Part 2: A Local Kid’s Story – The Consequences of Drug Use are Real

Posted by Chris Schinke, With 0 Comments, Category: Blog, Recovery, Tags: , , , ,

forgiveness-and-consequences-300x204This is the second post in a series – a firsthand account from a local high school student who began a journey with drugs and alcohol never thinking the man behind bars could be him. The author Alex and he shared his personal journey with Robby’s Voice. Often getting caught feels like the worst thing in the world, but it can bring acceptance and change.  We ended the first post when Alex was arrested. Here is more of his story.

What was it like going to court?

It was very intimidating going to court for the first time. The whole time that I was there I felt like I really didn’t belong. Being an 18-year-old who thought of himself as being a pretty good kid, I was not in my element. The thing that I didn’t really comprehend at the time was that I did belong exactly where I was in juvenile court. I broke the law. I broke the law many times actually, I just happened to finally get caught. Court was a very intimidating experience walking into a massive yellow building, which has a juvenile detention center that is connected to the back.

When I first laid eyes on the barb-wired fences, the severity of my offense really hit me.  I thought to myself, “I could end up behind those fences and all of the barb-wire. I would be a convict.” The thought of that happening to me made me shake with nervousness as I walked into the juvenile court building for the first time. The thing that made me most upset about the whole ordeal is that both of my parents had to be there with me. I had already let them down. Now they had to both take time off of work to sit in a courtroom as a judge read the charges that were against me. I had no idea what to expect court to be like, but when you are in that room, the focus is exclusively on you. No one in that courtroom knew the content of my character, with the exception to my parents and attorney. They only knew me based off of the paper that included all of my charges. I was guilty. I had an uphill battle to try to prevent me from ending up in detention. It was terrifying to say the least. I put myself in that situation, now I had to work hard to make sure that I never ended up in front of a judge again.

As I understand it, you didn’t adhere to the program first time. Why?

I wish I could explain why I didn’t adhere to the program the first time because things would be so much easier for me. I was given a second chance by the Diversion Program. The outline of the program was that I needed to pass random drug screenings for a full year, attend three Alcoholics Anonymous meetings, and provide a summary on each meeting that I attended. I would technically have been on probation for a year, but my record would be completely clean at the time of completion of this program. Again, I found myself unable to abide by the guidelines set forth by the law.  I was terminated from the Diversion Program when I failed a random drug screening in January of 2014. I don’t know what it was that prompted me to continue smoking marijuana, but I suffered the consequences, yet again.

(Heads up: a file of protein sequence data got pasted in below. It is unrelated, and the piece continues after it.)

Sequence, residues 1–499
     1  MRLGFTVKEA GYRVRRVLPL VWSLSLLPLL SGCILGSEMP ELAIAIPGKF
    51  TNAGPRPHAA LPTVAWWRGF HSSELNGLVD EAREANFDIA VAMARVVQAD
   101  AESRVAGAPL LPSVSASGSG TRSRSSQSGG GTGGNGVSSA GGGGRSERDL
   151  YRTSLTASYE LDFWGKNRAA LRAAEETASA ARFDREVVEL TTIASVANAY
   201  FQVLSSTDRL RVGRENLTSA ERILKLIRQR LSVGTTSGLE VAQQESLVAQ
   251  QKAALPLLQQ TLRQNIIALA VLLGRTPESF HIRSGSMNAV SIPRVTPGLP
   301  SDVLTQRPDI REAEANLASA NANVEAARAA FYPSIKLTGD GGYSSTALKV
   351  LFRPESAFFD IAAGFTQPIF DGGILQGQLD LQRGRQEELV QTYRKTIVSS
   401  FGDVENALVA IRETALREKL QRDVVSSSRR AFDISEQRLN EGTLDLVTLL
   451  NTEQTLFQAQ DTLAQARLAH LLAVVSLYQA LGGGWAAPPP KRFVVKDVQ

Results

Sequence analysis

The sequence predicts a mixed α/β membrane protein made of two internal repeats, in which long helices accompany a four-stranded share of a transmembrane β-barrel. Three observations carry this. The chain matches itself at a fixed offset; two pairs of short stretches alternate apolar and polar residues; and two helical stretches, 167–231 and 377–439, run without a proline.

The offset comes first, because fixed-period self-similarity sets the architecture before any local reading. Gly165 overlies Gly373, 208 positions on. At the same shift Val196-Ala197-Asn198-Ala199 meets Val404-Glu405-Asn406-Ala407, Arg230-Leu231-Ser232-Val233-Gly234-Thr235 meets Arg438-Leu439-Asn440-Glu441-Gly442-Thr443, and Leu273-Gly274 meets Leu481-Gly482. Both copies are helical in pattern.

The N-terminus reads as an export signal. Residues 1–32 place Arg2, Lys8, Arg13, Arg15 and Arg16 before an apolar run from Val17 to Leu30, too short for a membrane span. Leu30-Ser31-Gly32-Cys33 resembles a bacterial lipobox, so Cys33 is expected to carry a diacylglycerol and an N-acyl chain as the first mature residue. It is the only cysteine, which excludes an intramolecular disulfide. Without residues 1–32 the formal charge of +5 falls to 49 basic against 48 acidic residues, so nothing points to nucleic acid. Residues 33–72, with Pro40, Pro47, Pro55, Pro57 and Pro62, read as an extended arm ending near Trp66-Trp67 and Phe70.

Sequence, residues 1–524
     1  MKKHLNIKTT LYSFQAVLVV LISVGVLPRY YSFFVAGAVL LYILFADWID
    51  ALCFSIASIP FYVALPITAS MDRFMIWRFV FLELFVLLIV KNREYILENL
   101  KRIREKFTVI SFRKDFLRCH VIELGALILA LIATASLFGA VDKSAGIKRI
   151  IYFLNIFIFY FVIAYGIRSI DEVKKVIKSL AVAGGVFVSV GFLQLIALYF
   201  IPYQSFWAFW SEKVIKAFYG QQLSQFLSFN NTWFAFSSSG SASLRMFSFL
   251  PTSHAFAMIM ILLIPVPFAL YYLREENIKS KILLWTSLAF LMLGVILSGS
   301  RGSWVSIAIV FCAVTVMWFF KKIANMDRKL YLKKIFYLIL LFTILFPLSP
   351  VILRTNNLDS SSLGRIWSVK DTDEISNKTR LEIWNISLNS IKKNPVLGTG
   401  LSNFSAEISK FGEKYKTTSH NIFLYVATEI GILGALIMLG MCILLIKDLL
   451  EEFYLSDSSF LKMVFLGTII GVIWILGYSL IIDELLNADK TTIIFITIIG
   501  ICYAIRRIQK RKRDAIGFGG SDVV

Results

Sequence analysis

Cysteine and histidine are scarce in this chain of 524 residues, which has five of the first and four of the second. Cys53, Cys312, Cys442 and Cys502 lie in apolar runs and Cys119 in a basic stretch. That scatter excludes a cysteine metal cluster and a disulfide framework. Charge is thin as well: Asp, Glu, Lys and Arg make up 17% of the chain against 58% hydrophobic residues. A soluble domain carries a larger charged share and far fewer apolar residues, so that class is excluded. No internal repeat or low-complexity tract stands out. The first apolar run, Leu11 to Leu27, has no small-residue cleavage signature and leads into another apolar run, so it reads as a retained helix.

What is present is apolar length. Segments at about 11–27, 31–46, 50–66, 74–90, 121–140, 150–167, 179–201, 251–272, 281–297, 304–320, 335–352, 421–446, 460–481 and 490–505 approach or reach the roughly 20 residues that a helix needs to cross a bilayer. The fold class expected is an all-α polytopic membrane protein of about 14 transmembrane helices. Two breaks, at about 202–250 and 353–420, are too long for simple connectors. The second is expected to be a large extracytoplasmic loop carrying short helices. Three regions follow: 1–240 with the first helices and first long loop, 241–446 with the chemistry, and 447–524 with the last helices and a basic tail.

Maybe I just didn’t take my punishment seriously. I recall thinking that if I smoked for 2 weeks after I took a drug test, which would give me enough time in between drug tests to get clean. I was sadly mistaken. I guess I thought I could squeak by. The first time that I had to go to court, it was actually at city hall in North Olmsted. I had been there many times before for random things so I don’t think that it struck a chord with me as much as it should have. I also didn’t fully realize the gravity of the situation I was in. I didn’t really think of how detrimental the charges were against me to my future. It wasn’t until I read the letter from the director of the Diversion Program for North Olmsted that I realized I had dug myself an even deeper hole. They say that two wrongs don’t make a right, but that is exactly the situation  I am in. They also say that there are no second chances, but I am lucky enough to have a second chance through my own hard work and the hard work of my attorney.

How do you feel knowing that at your age, you have a lawyer and a court record?

I am absolutely disappointed in myself that at the moment, I have an attorney that is fighting for me so that I don’t end up in detention or jail at 19 years old. It is also very depressing to think that I already have a court record. The whole purpose that I am going to college is to get a good education so that I can find a good-paying job after I get my degree. Having a court record may be the difference in whether or not I get a job in the future. That may be the deciding factor between myself and another candidate that is trying to get the same job as me. This scares me to the point where I want to do everything in my power to get all of the charges against me thrown out.

It is unfortunate that I am in this situation but in the end I have to realize that I put myself here. Another feeling that I get when I think of the fact that I have a court record is of extreme discouragement. Sometimes I feel like I want to give up and that I won’t complete everything I need to do for the court, but then a little voice in my head tells me, “Imagine how you will feel once this is all over?” The thought that I still have the opportunity to abolish all of the charges against me so that I can focus on school and hockey entirely keeps me motivated every day.

In the next post, we’ll learn more about how Alex thinks about his future today and what it meant to do service with Robby’s Voice. There’s a lot to learn here from Alex. I hope he knows how much his experience can, and is helping others.


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